The European Union should ban the
use of United Nations-approved carbon offsets from its
emissions-trading system, or ETS, by 2020, an environmental
group said in a submission to the European Commission.
Regulators should also restrict the use of some other
carbon credits “as soon as possible” to help tackle a glut of
permits in the bloc’s carbon market, according to Carbon Market
Watch, an environmental lobby group based in Brussels.
“The use of Kyoto offset credits in the EU ETS was
originally meant to be a cost-containment tool to allow ETS
operators to choose the most cost-effective manner for
greenhouse gas abatement at company level,” the group said in
the submission to the European Commission dated Feb. 28 and
published on its website. “Exceptional macro-economic
developments and the fact that emissions have been substantially
lower than the cap rendered the quantity limit of international
credits in the period 2008 to 2020 too generous.”
Carbon has plunged more than 85 percent in the past five
years as the euro area’s second recession since 2008 cut
industrial demand for permits. The market’s surplus almost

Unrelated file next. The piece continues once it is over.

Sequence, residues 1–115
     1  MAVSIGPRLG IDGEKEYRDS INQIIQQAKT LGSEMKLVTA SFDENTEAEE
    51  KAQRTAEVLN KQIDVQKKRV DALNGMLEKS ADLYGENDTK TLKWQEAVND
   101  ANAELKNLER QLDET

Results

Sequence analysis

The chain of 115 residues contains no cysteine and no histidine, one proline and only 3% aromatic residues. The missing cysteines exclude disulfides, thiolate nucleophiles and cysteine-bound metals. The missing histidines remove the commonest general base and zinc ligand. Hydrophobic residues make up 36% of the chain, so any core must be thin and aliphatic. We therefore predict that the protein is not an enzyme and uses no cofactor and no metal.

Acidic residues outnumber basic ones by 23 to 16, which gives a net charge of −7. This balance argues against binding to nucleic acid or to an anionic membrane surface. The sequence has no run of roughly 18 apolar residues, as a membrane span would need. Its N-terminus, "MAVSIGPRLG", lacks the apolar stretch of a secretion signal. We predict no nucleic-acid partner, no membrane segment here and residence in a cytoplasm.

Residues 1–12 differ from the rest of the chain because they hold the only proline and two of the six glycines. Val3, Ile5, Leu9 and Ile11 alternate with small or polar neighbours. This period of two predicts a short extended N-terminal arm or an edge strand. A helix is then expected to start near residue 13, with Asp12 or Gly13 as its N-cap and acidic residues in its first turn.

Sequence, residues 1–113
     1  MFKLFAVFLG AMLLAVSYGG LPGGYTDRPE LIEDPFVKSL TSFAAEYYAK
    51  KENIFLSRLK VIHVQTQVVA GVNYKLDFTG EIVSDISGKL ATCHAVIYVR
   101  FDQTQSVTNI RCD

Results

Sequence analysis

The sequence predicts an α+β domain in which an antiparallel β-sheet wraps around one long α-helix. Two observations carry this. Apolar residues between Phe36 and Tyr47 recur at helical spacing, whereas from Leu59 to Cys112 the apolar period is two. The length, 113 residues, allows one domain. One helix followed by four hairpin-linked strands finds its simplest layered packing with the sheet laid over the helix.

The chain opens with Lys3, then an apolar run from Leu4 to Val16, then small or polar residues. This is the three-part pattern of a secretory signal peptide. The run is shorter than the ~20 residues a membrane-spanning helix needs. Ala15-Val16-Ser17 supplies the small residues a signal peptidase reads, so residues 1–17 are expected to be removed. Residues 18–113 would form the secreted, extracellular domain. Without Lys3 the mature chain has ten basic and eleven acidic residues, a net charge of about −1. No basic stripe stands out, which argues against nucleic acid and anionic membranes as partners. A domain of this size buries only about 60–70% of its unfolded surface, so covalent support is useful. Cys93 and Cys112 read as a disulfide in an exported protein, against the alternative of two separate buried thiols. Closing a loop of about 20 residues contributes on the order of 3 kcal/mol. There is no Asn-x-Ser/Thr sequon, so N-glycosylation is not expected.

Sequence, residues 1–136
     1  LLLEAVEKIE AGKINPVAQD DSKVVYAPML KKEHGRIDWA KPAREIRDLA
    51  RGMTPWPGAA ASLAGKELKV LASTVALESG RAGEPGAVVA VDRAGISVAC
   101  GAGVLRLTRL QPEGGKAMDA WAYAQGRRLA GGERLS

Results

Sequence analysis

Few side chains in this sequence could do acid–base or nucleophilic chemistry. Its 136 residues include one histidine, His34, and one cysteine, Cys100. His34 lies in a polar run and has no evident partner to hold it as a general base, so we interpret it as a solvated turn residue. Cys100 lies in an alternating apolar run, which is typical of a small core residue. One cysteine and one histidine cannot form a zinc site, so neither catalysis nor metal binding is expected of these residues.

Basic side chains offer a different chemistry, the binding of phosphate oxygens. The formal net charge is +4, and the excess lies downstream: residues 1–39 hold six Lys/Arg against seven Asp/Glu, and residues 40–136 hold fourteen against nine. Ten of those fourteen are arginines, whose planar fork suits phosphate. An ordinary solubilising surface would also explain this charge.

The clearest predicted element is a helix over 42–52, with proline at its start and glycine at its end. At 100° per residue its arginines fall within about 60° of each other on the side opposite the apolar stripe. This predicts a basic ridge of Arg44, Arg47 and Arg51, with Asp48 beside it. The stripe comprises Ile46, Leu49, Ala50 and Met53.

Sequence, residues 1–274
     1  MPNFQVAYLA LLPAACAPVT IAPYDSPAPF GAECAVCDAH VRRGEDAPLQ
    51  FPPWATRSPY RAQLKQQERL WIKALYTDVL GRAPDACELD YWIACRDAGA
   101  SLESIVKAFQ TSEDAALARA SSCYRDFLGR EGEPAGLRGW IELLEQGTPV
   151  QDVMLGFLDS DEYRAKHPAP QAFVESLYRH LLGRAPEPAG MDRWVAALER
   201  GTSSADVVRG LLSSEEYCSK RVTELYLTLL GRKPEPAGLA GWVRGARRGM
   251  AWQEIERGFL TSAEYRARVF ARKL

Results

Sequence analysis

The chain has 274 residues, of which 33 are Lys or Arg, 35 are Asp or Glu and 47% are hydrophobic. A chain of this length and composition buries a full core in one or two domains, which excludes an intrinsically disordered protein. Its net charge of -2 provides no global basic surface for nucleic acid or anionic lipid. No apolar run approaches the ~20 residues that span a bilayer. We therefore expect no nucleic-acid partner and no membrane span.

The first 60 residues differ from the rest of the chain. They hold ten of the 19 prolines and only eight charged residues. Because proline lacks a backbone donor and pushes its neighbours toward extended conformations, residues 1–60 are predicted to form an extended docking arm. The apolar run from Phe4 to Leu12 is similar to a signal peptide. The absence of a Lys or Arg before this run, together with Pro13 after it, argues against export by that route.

doubled to 887 million tons last year, Bloomberg New Energy
Finance in London estimated on Feb. 4. Preliminary data for 2012
will be published in April.
UN Certified Emission Reductions were unchanged at 34 euro
cents a ton on ICE Futures as of 3:10 p.m. London time. They
fell to a record 28 euro cents on Jan. 21. Prices for EU
allowances for December gained 1.7 percent to 4.74 euros ($6.16)
a metric ton on London’s ICE Futures Europe exchange.
The use of UN offsets will represent nearly two-thirds of
the market’s surplus by 2020, Carbon Market Watch said. By
removing their eligibility after 2020, the EU would encourage
allowance prices to rise, enabling more emissions cutting in
Europe, it said. The so-called Phase 4 of allowance trading
starts in 2021.
“In order to create the necessary scarcity in Phase 4,
external international credits must be avoided,” the group
The European Commission is seeking public comment on a
report outlining options for long-term changes to its emissions
market to tackle oversupply and low permit prices.
To contact the reporter on this story:
Alessandro Vitelli in London at
To contact the editor responsible for this story:
Lars Paulsson at